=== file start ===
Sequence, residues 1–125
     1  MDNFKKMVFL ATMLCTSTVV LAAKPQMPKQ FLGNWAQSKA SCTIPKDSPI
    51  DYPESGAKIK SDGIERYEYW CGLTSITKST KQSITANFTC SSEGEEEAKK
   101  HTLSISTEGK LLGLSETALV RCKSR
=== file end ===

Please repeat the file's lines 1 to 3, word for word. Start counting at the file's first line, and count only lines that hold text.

Sequence, residues 1–125
     1  MDNFKKMVFL ATMLCTSTVV LAAKPQMPKQ FLGNWAQSKA SCTIPKDSPI
    51  DYPESGAKIK SDGIERYEYW CGLTSITKST KQSITANFTC SSEGEEEAKK